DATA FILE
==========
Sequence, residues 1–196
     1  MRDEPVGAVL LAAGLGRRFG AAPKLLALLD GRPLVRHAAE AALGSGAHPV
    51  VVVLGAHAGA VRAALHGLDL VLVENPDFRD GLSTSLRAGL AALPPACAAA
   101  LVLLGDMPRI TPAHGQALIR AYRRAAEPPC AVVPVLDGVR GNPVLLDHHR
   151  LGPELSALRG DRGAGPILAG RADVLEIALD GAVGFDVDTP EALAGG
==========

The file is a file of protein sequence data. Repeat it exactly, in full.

Sequence, residues 1–196
     1  MRDEPVGAVL LAAGLGRRFG AAPKLLALLD GRPLVRHAAE AALGSGAHPV
    51  VVVLGAHAGA VRAALHGLDL VLVENPDFRD GLSTSLRAGL AALPPACAAA
   101  LVLLGDMPRI TPAHGQALIR AYRRAAEPPC AVVPVLDGVR GNPVLLDHHR
   151  LGPELSALRG DRGAGPILAG RADVLEIALD GAVGFDVDTP EALAGG